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Real: Drivers of Effectiveness in Online Advertising
consumers are introduced to a brand, there are a series of sequential
and cognitive steps that must occur to convert prospects into customers.
Not all products and services follow the same timeframe. Here’s why.
From Dynamic Logic
is not always designed to drive a direct purchase behavior. The
ability of a marketer to increase intent to engage in the desired
behavior often depends on the perceived risk to the consumers. Very
expensive products and services require more consideration before
a financial commitment is made, because the consequence of making
a poor choice can be great. Conversely, less thought or consideration
is put forth for an inexpensive – sometimes called “impulse
buy” – product or service as there is less risk associated
with the purchase.
When consumers are introduced to a brand, there are a series of
sequential and cognitive steps that often happen in the process
of converting prospects into customers. To start, consumers must
become familiar with the name of the brand, and if appropriate,
recognize a logo as a symbol of that brand. Next, the brand must
explain its value proposition to the target audience. This part
of the process often relies on advertising messaging to articulate
what the product or service does and how it can be of use.
Once a consumer
is familiar with a brand and what its stands for, they are considered
“aware.” Building awareness is a straightforward process
relying on the communications of factual information – names,
symbols and messages. The next stage is a greater challenge to marketers
for they must persuade the educated prospects that the brand can
be of value to them.
of Advertising Effects
|See definitions at
conclusion of article
Informational vs. Transformational
There are fundamentally
two types of “value” that influence purchase and usage motives (Rossiter
& Percy, 1997). Informational and Transformational.
and services take customers from a negative state and return them
to a state of equilibrium. Examples of products using Informational
values include pain relievers, food (which satiates hunger) and
household products. Marketers selling transformational goods must
persuade consumers that their brand solves specific problems.
take customers from a state of equilibrium to a higher and more
positive state, and they can often be labeled as rewards. Luxury
cars, entertainment, vacations and ice cream are examples of products/services
that are intended to make people feel happier, and are usually not
considered things that consumers need. Marketers in this category
must entice consumers to indulge and reward themselves or their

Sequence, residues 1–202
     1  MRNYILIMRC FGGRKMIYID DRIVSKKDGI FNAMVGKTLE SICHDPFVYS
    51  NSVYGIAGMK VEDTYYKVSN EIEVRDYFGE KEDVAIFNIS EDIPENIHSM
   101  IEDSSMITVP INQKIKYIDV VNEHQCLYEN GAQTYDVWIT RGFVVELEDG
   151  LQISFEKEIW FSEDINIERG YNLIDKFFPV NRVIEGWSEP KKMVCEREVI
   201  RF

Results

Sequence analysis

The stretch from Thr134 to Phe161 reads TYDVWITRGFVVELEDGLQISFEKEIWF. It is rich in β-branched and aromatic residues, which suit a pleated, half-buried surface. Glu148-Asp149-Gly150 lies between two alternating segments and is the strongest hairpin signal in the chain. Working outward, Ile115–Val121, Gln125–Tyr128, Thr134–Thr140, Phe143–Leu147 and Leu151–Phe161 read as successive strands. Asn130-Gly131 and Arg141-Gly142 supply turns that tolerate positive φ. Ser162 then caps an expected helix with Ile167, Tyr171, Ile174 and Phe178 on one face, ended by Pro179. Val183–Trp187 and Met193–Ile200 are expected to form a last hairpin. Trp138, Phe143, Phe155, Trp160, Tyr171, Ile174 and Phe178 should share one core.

There are many brands
that can fall into both informational and transformational categories
and consequently have a greater challenge in consumer persuasion.
Some clothing brands, for example, are necessary items in the minds
of some consumers, and at the same time, luxury items to others.
Certain automotive brands also fall into both categories.
The first part of the
persuasion process involves convincing a consumer that the brand
is a good choice. No one is going to consider purchasing a product
or service if they do not have a positive feeling towards it. Brand
Favorability is a measure of how strongly consumers feel about the
brand – positively or negatively.
Once consumers have formulated
an opinion about a brand, the next logical step is whether they
will engage in a desired behavior. In most cases, the behavior that
the marketer is looking to drive is a purchase or financial transaction.
There are many instances, however, in which the advertising is aiming
to drive a non-purchase behavior. Examples include campaigns striving
to increase visitation of a Web site, test-driving of a vehicle,
consultation with a physician or watching a network television show.
The ability of a marketer
to increase intent to engage in the desired behavior often depends
on the perceived risk to the consumers. Very expensive products
and services require more consideration before a financial commitment
is made, because the consequence of making a poor choice can be
great. Conversely, less thought or consideration is put forth for
an inexpensive – sometimes called “impulse buy”
– product or service as there is less risk associated with
Aided Brand Awareness
– Measures the level
of familiarity respondents have with the brand listed
– Measures the extent to which respondents can match the copy
or messages in the advertising creative to the brand.
– Measures the extent to which respondents have a positive
or favorable opinion of the brand.
-- Measures the likelihood that respondents will take purchase action
on the brand in the future.
© 2002 Dynamic Logic